Lowe Bequest Benefits ChBE Student Lab

Lowe Bequest Benefits ChBE Student Lab

Lowe Bequest Benefits ChBE Student Lab

A student works at the new fuel cell testing station in ChBE's Unit Operations Laboratory, which has recently benefited from an extensive renovation and alumni bequests.
A student works at the new fuel cell testing station in ChBE's Unit Operations Laboratory, which has recently benefited from an extensive renovation and alumni bequests.

The Department of Chemical and Biomolecular Engineering’s (ChBE) Unit Operations Lab, an integral part of every chemical and biomolecular engineering major’s undergraduate education, will receive continued upgrades and new equipment thanks to a $30,000 bequest from the estate of alumnus James Blakeley Lowe (B.S. ’63). The gift benefits the university’s Great Expectations campaign.

Part of Lowe’s gift will be merged with a portion of the recent bequest from Virginia Murray to create the James Blakeley Lowe and Virginia Murray Endowment for Undergraduate Laboratories, the income of which will be used for annual improvements to ChBE’s undergraduate chemical, biochemical and computer laboratory facilities.

Chemical Engineering Laboratory (ENCH 437), the primary course taught in the Unit Operations Lab, gives senior chemical and biomolecular engineering majors experience with laboratory and pilot plant apparatus, preparing them to use and manage the facilities they will encounter in the field. Its experiments complement the bench-scale lab work students perform earlier in the curriculum. Students study reactors and bioreactors, separations (such as distillation), heat transfer (heat exchangers), energy conversion (fuel cells) and fluid flow (pumps and valves).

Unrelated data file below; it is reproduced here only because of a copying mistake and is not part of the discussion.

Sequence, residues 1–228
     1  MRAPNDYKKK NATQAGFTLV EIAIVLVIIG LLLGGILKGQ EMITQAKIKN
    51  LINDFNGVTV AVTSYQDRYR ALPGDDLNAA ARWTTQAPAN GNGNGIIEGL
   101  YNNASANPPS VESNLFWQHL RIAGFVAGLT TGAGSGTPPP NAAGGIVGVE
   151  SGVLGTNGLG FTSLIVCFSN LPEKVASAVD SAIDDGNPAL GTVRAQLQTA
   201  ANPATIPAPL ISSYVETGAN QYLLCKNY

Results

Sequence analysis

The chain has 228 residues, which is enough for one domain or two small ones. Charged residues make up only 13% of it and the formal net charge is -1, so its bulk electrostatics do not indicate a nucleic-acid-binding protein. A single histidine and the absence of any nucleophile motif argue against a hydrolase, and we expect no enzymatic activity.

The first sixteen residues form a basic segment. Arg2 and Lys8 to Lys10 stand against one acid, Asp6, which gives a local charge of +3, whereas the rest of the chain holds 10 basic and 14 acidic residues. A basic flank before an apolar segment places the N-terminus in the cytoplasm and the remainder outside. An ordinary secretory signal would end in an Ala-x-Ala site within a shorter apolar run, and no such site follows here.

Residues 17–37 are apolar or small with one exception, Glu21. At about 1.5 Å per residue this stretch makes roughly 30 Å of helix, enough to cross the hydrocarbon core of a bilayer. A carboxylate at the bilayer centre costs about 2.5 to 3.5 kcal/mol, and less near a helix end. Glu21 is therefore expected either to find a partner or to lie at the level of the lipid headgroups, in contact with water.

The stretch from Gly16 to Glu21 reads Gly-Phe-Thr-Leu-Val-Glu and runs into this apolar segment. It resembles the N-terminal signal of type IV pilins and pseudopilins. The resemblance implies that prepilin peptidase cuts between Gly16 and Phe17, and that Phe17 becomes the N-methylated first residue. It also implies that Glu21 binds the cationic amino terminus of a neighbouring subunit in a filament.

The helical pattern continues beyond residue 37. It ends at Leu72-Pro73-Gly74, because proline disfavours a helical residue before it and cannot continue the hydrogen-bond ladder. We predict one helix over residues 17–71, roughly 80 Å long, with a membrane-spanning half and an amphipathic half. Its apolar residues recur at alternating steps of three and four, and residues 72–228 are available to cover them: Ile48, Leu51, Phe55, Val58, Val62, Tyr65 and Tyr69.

ChBE assistant professor Chunsheng Wang, who currently manages the lab and teaches the course, has already seen students benefit from the enhancements. "We are now able to conduct fuel cell experiments," he explains. "Students are using a new test station to measure the performance of fuel cells they have constructed under controlled conditions such flow, temperature, humidity and pressure."

"The availability of this equipment provides unique education and training opportunities," he adds. "We are the only program in the state to have fuel cell experiments available to undergraduates. Some students in my Fall 2008 course even conducted an experiment which we usually expect only graduate students to do after one or two years training. It was really amazing.”

The Lowe gift comes on the heels of the Clark School’s recent $100,000 renovation of the Unit Operations Lab, which included the installation of new floors and casework, and a revised floor plan to make more efficient use of its space.

As a result, the lab can now also be used by undergraduates from the Fischell Department of Bioengineering. "The improvements to the space and the equipment translate into better learning experiences in biochemical and biomedical engineering for students in both departments," says ChBE Professor and Chair F. Joseph Schork.

Related Story:

"Murray Bequest Supports ChBE" »

Learn How You Can Help:

Alumni and friends interested in contributing to the James Blakeley Lowe and Virginia Murray Endowment for Undergraduate Laboratories are invited to contact ChBE professor and Chair F. Joseph Schork.

To learn more about the University's Great Expectations campaign and how you can make a difference in the Clark School’s progress, please contact Leslie Borak.

January 28, 2009


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"The availability of this equipment provides unique education and training opportunities. We are the only program in the state to have fuel cell experiments available to undergraduates."

ChBE assistant professor Chunsheng Wang



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